Based on a true story, “The Command,” now available to purchase for home viewing, tells of the Russian submarine Kursk and the 2000 disaster that led to the deaths of the entire crew. Matthias Schoenaerts, Lea Seydoux, Colin Firth, Peter Simonischek, and Max von Sydow bring this sad story to the screen.
After an explosion on the K-141 Kursk, a nuclear-powered submarine, the sub sank to the bottom of the Barents Sea. In total, 23 sailors survived and during the next days tried to stay alive and follow procedure while they waited for their fellow sailors to rescue them.
With the sub at the bottom of the sea, anxious families waited for news of their loved ones. Tanya Averina (Seydoux), whose husband Mikhail (Schoenaerts) was on the sub, did everything in her power to get information about the situation, however, at every turn she was met with resistance by the Russian officials, including the man in charge (von Sydow) who refused to deviate from his conviction that only Russians should rescue their fellow countrymen. Meanwhile British Commodore Russell (Firth) was standing by waiting to be called upon to aid in the rescue. He was ready to assist the remaining Russian sailors as soon as he heard about the accident, though he was not given permission to do so.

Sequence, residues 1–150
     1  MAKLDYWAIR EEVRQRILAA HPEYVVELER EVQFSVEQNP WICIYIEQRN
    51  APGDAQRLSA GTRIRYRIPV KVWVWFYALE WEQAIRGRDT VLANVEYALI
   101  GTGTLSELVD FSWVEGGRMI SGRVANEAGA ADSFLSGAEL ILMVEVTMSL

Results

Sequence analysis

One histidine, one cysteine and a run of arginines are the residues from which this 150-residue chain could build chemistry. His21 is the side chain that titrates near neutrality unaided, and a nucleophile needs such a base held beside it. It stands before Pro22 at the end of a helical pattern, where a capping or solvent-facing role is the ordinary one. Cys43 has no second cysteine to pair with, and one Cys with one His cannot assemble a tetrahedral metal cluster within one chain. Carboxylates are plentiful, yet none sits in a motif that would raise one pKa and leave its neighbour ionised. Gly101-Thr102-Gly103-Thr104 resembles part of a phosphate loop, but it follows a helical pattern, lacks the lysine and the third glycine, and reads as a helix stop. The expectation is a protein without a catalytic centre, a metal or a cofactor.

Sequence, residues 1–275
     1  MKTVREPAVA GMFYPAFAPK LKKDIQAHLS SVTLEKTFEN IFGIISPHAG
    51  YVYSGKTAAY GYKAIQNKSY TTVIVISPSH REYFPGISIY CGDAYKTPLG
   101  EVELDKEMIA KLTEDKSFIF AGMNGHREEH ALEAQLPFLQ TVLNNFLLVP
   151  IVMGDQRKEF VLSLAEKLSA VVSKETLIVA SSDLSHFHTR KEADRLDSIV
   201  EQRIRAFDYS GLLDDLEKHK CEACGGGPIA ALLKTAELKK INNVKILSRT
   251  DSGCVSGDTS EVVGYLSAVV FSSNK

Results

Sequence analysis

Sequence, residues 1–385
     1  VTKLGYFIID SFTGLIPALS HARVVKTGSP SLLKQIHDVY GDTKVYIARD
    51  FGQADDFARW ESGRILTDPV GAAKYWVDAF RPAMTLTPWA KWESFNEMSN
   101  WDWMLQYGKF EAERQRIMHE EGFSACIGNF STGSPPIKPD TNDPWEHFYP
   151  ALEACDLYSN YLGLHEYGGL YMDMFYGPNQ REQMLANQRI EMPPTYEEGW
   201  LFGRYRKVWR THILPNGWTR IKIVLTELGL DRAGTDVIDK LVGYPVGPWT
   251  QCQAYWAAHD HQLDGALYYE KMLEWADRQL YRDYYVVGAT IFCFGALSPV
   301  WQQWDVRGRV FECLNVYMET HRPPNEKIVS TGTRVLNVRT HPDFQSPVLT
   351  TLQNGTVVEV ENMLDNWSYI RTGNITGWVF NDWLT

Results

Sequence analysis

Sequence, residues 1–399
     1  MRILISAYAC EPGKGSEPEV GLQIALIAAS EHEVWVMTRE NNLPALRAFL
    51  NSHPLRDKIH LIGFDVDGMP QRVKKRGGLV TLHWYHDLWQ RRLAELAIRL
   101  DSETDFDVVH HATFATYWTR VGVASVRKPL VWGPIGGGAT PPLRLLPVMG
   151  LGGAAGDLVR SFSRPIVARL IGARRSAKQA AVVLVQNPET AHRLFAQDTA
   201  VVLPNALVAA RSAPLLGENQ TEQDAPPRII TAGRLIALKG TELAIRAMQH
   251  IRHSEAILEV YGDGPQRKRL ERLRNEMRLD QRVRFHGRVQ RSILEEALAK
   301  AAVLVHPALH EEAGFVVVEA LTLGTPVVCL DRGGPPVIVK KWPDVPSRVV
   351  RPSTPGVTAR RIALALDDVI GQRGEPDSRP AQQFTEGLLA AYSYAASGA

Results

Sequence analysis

Had the Russians not been so determined not to include foreigners in the rescue, the men would most certainly have been saved. They were ready to come home and were waiting for a rescue team. Unfortunately, time was not on their side and once the stubborn Russian leaders decided to accept foreign assistance, it was too late.
The surviving family members of those sailors included 71 children who were left without their fathers, and the incident served as a potential turning point in mutual cooperation between countries.
Besides the political aspect of the story, there is the familial aspect as the director Thomas Vinterberg decided to focus much of the film on the families of the men. He discussed this in the bonus “making of” feature, and the actors also talked about making the film and working with Vinterberg.
The screenplay was based on Robert Moore’s book “A Time to Die,” though the movie takes dramatic license with some of the characters. It is frustrating for viewers to see the British ready and willing to help immediately but unable to do so due to the Russian leaders’ denial of foreign help.
“The Command” is available on Blu-ray combo pack and DVD Tuesday.